John also spent time on the Pacific Rim in his early 20s. His girlfriend then was from California and was a surfer. He’d gone with her to Long Beach for a surfing competition in the late 1960s, camping on the beach in a Volkswagen van. So he carries his own passle of memories when we walk down trails to beaches grey with mist or watch surfers paddling between the swells. In his, a girl with blond hair is carrying her surfboard down to the water. He remembers how everything was damp, even in good weather.

This time, in both Victoria and on the beaches of the Pacific Rim, we talked about the past. For our generations (I add the plural because we’re 7 years apart, which is nothing now, but in the years I’m referring to, 7 years was a gap wider than it seems now), it was possible to live without much stuff. I didn’t have a camera until I was in my twenties. No cell phone, no computer, no easy access to any kind of social media. Our records are held in memory. A server in one of the places we had lunch in Tofino said she often wished there were more photographs of those years — her boyfriend’s mum had lived in a cabin at Chesterman Beach, she said, for 25 dollars a month — and it’s true. I have none. John has none. We didn’t record our meals for Facebook or Twitter. The driftwood shelters? I don’t have a single photograph. The time I camped with my dog in November and on the one clear day saw whales from Florencia Bay with the binoculars my father lent me? No photographs.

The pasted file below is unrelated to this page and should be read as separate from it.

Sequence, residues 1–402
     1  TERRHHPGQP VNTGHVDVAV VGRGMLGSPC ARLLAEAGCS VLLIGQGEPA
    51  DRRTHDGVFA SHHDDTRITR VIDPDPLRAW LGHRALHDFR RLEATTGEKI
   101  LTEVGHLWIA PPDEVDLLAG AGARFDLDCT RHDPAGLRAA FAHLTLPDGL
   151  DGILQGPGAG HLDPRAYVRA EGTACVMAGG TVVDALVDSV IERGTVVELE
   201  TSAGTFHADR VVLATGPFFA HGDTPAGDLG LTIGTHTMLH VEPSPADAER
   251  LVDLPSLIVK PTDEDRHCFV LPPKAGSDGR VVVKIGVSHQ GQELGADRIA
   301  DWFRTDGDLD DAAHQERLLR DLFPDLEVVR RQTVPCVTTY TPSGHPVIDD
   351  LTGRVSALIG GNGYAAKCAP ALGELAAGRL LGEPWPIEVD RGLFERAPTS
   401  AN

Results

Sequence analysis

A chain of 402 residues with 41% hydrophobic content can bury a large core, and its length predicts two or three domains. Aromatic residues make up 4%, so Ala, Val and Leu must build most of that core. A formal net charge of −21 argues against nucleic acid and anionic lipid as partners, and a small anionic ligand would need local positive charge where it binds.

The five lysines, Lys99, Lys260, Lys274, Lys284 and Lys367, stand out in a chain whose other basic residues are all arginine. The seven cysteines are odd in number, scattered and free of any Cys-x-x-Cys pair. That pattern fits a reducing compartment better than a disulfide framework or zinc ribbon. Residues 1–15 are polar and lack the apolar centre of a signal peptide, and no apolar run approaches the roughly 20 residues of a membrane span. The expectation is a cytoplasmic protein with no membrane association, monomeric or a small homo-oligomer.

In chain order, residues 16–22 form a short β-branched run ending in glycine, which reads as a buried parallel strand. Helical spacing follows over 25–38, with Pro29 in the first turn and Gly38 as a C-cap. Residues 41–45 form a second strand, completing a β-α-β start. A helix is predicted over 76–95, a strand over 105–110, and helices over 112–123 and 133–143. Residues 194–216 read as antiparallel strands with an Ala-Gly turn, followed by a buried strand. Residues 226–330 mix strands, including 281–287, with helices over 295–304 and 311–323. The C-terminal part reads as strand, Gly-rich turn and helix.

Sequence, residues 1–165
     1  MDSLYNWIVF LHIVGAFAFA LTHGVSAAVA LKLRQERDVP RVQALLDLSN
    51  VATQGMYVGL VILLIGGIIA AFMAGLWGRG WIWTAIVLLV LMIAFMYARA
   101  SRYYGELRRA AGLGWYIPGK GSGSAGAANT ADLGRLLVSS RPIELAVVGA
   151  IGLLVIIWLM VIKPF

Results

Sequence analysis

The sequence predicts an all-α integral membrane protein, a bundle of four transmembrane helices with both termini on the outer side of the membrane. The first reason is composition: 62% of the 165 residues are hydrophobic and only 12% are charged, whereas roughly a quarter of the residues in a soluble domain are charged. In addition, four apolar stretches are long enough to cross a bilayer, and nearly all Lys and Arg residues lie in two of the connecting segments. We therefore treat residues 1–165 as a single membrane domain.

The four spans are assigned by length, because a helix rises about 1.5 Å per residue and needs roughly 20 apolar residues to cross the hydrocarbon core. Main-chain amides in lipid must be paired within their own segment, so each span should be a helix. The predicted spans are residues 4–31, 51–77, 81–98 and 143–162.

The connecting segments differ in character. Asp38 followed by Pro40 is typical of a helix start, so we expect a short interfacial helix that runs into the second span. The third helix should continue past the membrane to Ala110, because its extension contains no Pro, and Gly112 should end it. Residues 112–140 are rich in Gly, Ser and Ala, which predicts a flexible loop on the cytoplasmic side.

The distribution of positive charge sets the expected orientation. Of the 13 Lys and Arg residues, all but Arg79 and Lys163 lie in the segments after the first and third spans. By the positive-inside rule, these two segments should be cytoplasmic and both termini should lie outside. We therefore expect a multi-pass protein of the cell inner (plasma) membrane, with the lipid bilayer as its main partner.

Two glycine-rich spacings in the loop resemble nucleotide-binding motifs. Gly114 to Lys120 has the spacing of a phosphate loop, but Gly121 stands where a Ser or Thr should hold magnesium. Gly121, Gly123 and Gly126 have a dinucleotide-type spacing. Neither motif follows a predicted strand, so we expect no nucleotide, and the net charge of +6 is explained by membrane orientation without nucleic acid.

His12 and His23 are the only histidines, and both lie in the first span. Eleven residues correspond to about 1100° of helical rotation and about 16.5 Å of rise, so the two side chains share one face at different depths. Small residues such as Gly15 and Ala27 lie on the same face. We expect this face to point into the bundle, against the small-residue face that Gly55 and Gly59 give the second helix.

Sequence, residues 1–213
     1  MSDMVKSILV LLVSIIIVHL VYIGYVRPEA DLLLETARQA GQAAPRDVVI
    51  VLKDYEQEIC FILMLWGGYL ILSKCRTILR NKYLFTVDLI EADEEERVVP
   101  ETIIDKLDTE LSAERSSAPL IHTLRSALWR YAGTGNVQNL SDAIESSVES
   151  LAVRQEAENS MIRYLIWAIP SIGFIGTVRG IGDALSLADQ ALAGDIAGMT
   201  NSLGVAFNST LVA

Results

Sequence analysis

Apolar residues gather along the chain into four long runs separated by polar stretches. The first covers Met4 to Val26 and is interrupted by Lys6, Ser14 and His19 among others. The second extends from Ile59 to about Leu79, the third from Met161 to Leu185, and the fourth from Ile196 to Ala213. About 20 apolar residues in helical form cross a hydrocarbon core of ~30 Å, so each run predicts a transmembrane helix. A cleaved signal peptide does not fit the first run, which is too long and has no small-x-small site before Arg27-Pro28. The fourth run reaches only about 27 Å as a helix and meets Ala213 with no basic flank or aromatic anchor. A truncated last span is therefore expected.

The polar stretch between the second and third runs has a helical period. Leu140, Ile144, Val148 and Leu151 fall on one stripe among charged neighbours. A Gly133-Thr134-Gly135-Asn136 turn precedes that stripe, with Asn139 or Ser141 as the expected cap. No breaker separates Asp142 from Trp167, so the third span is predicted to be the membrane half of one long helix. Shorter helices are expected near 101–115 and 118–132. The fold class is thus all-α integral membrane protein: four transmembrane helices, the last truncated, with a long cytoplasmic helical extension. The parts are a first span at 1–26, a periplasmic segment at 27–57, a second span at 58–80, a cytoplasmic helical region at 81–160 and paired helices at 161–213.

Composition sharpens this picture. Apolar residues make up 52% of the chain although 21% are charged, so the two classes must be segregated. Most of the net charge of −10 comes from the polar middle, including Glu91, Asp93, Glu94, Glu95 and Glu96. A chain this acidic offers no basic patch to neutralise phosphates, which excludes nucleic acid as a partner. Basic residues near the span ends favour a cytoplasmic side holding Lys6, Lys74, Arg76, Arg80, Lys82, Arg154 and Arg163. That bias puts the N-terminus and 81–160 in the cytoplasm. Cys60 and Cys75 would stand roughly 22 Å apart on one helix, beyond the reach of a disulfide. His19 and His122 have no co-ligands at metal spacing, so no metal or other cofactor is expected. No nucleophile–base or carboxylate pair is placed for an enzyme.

In a way it’s the same with Victoria and other places of my childhood. My father had a small Brownie camera and we have some snaps of our family lined up down the front stairs, dressed for church. We have a handful of slides from later years, mostly of my brothers and me standing against old wagons or plaster dinosaurs on camping trips to Alberta. None of us collecting bark at Clover Point for the little wood-heater in the kitchen. None of the mornings on Salt Spring Island when my father cooked buckwheat pancakes in a old black skillet. Or the falls at Englishman River where we went for camping trips over long summer weekends. Or Bamberton. Yet my memory of these times is as clear as sunlight. Or is it? There must have been shadows too. But walking the route I took to school in grades one and two or passing the house on Moss Street where my best friend lived, I never see a single one.